- Talk it out. Money can feel like a taboo subject to bring up to your friends and family. But talking through your struggles with a trusted person—whether they are a friend, family member, or counselor—can bring relief to the stress you are feeling. Keep in mind that the person you speak to doesn’t have to have the ability to fix your problems. They just need to be willing to listen to you and talk things out without judging or criticizing you. Talking through your worries can help make a seemingly insurmountable problem feel more approachable.
- Take an inventory of your finances. Avoiding your bills and bank accounts, while an understandable response to stress, will only make the situation worse. Take some time to take inventory of your income, debt, and spending over the course of at least a month. This will give you a clearer idea of where you stand financially, so that you can make a plan to move forward. Include all sources of income and all expenses—even the small ones can add up. List your debts, including past-due bills and late fees, noting minimum payments due.
- Identify spending patterns and triggers. You may already know what yours are, but if not, pay attention to what triggers you to spend money (aside from necessary expenses). Some common spending triggers are boredom and stress, but yours may be different. Once you know what your triggers are, you can work to find healthier ways to cope with them.
- Make a plan. There is no one “correct” money management plan. The plan you choose will reflect your specific problems and goals. Whether you choose to tighten your budget, try to lower credit card interest rates, curb your shopping habit, find an additional source of income, sell belongings to pay off debt, or another tactic, make a plan that you can stick to. Start with small changes and work from there.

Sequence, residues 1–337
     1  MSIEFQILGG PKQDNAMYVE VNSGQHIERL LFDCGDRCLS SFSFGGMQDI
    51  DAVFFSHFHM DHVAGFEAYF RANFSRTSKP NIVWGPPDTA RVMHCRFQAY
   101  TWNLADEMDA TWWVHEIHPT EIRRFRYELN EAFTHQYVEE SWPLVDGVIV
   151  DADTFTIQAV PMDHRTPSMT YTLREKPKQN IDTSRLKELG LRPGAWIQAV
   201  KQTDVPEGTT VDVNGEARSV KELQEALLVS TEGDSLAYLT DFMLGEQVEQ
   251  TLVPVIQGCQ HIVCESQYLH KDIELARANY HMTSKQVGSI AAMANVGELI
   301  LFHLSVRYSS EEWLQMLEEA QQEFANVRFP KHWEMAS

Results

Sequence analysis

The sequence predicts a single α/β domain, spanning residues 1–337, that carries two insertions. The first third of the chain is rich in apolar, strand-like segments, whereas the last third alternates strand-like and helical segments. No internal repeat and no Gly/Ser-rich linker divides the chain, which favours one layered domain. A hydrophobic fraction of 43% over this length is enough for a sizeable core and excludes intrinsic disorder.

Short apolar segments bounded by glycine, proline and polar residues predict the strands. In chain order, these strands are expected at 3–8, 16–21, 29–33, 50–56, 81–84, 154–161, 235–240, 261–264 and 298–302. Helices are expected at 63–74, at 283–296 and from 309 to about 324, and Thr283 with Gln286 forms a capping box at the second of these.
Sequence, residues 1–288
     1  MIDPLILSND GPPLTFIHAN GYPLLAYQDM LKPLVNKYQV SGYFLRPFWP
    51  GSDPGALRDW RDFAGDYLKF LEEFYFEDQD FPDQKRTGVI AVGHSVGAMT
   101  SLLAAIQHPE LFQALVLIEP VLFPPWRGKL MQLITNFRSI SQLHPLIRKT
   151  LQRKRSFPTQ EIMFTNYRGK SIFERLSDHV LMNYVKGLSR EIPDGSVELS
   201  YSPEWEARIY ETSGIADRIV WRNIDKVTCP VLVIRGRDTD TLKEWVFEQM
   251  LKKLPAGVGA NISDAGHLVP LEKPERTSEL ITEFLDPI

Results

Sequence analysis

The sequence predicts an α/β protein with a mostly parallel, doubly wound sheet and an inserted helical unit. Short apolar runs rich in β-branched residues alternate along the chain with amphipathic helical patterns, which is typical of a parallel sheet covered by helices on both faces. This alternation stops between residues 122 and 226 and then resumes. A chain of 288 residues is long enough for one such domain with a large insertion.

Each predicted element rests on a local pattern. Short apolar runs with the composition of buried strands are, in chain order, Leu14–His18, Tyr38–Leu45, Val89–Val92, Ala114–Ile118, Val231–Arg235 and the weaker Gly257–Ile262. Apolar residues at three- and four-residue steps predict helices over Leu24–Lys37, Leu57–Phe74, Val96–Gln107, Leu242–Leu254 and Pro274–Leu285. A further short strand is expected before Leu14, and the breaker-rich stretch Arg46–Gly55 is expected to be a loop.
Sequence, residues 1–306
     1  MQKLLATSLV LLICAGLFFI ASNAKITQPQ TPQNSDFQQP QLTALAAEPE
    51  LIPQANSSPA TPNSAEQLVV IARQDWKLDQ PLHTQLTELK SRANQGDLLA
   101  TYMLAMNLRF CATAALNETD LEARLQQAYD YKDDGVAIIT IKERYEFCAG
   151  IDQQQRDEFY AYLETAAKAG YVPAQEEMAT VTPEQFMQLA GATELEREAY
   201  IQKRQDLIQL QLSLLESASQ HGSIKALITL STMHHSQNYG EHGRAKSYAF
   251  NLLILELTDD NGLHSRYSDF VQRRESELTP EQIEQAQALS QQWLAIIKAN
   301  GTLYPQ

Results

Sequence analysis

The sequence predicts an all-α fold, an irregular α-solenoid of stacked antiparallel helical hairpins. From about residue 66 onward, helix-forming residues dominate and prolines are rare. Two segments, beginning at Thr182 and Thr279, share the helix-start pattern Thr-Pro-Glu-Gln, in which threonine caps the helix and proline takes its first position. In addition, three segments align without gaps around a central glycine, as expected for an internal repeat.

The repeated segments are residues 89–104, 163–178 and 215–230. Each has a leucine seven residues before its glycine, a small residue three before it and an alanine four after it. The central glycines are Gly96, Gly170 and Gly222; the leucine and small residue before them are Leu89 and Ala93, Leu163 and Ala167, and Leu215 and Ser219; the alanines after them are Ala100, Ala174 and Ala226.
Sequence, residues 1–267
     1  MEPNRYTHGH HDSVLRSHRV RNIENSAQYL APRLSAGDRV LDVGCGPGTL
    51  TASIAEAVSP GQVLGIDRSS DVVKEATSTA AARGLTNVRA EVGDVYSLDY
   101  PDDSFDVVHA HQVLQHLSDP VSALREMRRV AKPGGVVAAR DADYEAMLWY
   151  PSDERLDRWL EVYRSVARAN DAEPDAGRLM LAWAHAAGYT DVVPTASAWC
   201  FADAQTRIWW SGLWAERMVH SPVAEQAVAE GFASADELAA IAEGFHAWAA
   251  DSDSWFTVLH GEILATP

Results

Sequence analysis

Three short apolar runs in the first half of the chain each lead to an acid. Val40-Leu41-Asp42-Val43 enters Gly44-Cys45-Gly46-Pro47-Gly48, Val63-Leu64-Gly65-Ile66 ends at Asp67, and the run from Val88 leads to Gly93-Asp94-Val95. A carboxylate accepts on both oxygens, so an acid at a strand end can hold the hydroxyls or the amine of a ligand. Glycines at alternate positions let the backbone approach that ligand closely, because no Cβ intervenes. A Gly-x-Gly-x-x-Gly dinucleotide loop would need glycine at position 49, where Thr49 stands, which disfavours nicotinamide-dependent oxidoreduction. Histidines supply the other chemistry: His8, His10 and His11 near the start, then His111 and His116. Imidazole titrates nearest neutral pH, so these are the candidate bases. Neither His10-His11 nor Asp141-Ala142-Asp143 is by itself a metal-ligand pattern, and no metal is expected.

- Create a budget. Setting and following a monthly budget is the best way to keep you on track with your plan. A budget can also help you regain a sense of control over your finances. In your budget, include everyday expenses, as well as annual or semi-annual expenses (such as car insurance or property taxes). Prioritize your spending so that if you are struggling to cover your monthly expenses, you have a plan for where your money goes first.
- Incorporate stress management. Having a plan in place to manage your finances can definitely help lower your stress level, but financial stress won’t go away overnight. Institute stress management tactics to help you cope from day to day as you begin to get on top of your finances. Regular exercise, deep breathing, getting enough sleep, practicing gratitude, and eating healthy foods can all help reduce the effects of stress on your mind and body. Another thing that helps is finding a way to give to others. Volunteering not only helps a worthy cause, it can boost your confidence and help ease stress as well.
And one last, but important, tip: don’t be too hard on yourself if you find it difficult to stick to your plan. This is completely normal when you are starting new habits! Just get back to it again as soon as possible, and keep moving forward one step at a time. Learning how to handle financial stress will not only help you manage your day-to-day stress level, it will make your financial goals seem much more reachable.
Wood CPA is here to answer your questions and help you meet your goals. We can assist you with all of your accounting needs, from business advising and accounting to tax preparation services and more. Contact us today at 952-356-1110!